Opposition to planned merger of city, school police

March 01, 2007|By Brent Jones | Brent Jones,Sun Reporter

Mayor Sheila Dixon's proposal to merge the city's school police with the larger Baltimore Police Department has hit a snag -- the chairman of the school board strongly opposes the idea, which needs board approval to move forward.

About two weeks ago, Dixon said she was involved in "very serious discussions" to combine the forces. But Brian Morris, the school board chairman, voiced opposition to the plan at Tuesday's board meeting and said it was unlikely to win board approval.

During an interview yesterday, Morris praised the school police and said they have a crucial role in maintaining order in the schools.

"Our police force is a specialized department that is trained specifically on interacting with juveniles," Morris said. "It's important our school police become a fabric of the learning environment. They're as critical as principals, teachers and custodians."

Dixon unveiled the merger proposal at a time when city leaders were expressing concern about juvenile crime and reports that gang activity was rising in city schools. Dixon said she was awaiting recommendations from Commissioner Leonard D. Hamm, the head of the city Police Department. Hamm ran the school police force from 1997 to 2001. The school police are responsible for the safety of 83,000 students in about 180 schools, and the school board oversees it.

But Morris did not embrace the proposal when Dixon made it public, saying: "At this point, I've heard the whispers. I've not had an opportunity to fully understand what the implications will be. I welcome the dialogue."

Anthony W. McCarthy, the mayor's spokesman, said yesterday that Dixon will continue to make school security a high priority.

"Mayor Dixon has given a lot of thought to how she can improve resources available to Baltimore City schools police," McCarthy said. "Working with the [police] commissioner, there's going to be a stronger relationship between city and school police officers. The goal is to have the most well-equipped and prepared school police possible."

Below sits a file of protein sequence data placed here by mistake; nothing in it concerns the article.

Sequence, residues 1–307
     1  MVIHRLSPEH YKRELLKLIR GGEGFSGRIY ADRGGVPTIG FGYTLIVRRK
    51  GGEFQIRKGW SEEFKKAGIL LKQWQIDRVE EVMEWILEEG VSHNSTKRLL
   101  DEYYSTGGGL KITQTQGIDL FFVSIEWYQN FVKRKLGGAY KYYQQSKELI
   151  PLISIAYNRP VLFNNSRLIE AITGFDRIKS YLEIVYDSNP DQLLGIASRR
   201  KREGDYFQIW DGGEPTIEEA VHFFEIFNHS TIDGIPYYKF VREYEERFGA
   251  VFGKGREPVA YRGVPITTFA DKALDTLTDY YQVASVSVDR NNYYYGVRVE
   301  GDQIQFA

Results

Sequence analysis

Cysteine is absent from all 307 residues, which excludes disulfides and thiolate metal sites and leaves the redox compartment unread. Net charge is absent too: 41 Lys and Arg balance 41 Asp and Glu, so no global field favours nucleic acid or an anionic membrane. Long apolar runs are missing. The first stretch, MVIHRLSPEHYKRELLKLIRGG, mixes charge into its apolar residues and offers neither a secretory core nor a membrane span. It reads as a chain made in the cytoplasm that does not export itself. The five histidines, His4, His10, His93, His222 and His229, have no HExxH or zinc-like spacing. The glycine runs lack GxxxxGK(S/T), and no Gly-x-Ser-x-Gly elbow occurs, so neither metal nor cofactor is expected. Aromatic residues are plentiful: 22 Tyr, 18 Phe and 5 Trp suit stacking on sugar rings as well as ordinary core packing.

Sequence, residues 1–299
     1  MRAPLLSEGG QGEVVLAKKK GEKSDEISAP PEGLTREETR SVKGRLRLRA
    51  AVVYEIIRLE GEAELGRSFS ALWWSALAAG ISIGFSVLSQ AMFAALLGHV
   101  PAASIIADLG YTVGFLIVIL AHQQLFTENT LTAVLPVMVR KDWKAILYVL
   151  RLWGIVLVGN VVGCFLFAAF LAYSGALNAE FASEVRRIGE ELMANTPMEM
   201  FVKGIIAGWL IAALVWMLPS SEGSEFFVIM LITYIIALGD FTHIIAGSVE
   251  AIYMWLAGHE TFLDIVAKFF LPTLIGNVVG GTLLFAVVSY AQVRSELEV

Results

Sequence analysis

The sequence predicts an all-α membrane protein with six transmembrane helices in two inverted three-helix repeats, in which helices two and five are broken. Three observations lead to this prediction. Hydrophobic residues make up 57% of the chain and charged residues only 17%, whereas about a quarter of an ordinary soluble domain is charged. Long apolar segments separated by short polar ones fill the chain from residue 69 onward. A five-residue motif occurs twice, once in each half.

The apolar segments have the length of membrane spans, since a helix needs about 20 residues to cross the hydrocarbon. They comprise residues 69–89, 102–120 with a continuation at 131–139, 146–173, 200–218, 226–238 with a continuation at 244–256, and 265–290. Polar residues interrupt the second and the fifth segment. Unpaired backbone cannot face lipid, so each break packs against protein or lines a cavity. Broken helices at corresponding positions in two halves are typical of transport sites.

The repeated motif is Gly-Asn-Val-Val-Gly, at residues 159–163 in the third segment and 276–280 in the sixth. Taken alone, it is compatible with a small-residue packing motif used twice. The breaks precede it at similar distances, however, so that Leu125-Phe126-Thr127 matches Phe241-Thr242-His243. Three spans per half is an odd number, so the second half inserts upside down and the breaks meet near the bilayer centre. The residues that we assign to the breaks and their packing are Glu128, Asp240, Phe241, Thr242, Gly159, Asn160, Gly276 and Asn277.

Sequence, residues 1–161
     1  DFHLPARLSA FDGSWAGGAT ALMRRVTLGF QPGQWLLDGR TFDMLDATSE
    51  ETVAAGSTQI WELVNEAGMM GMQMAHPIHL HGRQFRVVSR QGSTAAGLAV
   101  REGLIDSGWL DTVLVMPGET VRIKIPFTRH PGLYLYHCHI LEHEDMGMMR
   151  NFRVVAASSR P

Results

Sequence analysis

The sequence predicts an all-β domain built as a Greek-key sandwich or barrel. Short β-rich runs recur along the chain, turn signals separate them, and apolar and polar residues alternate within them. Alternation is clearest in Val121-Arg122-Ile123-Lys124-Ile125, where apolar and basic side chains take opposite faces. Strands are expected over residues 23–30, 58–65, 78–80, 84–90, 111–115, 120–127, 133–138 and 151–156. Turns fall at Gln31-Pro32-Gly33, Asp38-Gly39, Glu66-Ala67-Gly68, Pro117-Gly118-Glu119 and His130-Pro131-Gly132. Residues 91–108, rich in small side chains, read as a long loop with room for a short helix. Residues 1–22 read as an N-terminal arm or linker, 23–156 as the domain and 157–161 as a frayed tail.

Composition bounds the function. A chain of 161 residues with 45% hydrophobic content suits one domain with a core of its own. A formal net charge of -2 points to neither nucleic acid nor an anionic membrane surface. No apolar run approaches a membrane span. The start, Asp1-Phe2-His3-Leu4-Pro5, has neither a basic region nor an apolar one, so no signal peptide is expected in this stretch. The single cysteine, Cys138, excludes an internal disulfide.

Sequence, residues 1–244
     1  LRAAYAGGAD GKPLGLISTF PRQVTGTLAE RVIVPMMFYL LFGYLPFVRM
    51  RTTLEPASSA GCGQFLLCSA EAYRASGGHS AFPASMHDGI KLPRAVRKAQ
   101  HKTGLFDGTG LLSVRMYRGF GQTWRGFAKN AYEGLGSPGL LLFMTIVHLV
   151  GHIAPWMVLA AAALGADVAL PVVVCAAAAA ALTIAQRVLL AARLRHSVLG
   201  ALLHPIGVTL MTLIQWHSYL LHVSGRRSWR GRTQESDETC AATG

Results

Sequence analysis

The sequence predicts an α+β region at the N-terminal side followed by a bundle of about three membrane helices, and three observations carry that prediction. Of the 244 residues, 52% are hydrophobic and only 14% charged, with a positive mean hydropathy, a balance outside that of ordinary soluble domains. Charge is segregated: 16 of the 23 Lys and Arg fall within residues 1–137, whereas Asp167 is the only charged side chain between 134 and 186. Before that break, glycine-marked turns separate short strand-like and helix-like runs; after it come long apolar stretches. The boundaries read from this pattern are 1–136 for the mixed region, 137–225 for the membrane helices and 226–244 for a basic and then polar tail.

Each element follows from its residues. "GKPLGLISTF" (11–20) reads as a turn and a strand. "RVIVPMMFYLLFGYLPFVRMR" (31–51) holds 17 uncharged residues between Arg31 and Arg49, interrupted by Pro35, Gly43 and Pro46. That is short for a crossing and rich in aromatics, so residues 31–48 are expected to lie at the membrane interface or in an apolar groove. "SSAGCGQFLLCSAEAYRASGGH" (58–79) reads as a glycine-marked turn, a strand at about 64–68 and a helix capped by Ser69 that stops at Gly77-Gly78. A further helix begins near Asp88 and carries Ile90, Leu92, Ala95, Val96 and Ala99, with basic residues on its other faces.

A police spokesman said Hamm favors the merger, which would essentially shift responsibility for school safety to his department.

In 2004, the Housing Authority of Baltimore City police force -- an independent group of 65 officers who patrolled public housing units -- was absorbed by the city. The Police Department then created a housing section and required officers who had worked for the housing authority to reapply.

"Commissioner Hamm has said before that he thinks it's important that the city has a seamless law enforcement effort," said police spokesman Matt Jablow. "We took a step in that direction when we merged with housing. This would be another step."

The school police force has 100 sworn officers, 32 resource specialists, 75 hall monitors and operates on an annual budget of $6.6 million.

The city Police Department has about 3,000 officers, a $332 million annual budget and operates the city's 911 emergency response team.

City officials have said that combining the departments could help curb rising juvenile criminal behavior because officers could focus on students involved in gang activity in schools.

Morris, though, said the police department can do that in conjunction with schools police.

"The ills of society permeate our schools like every other institution," Morris said. "But the police force has citywide jurisdiction. So it's not unlike how other law enforcement agencies work together."

brent.jones@baltsun.com

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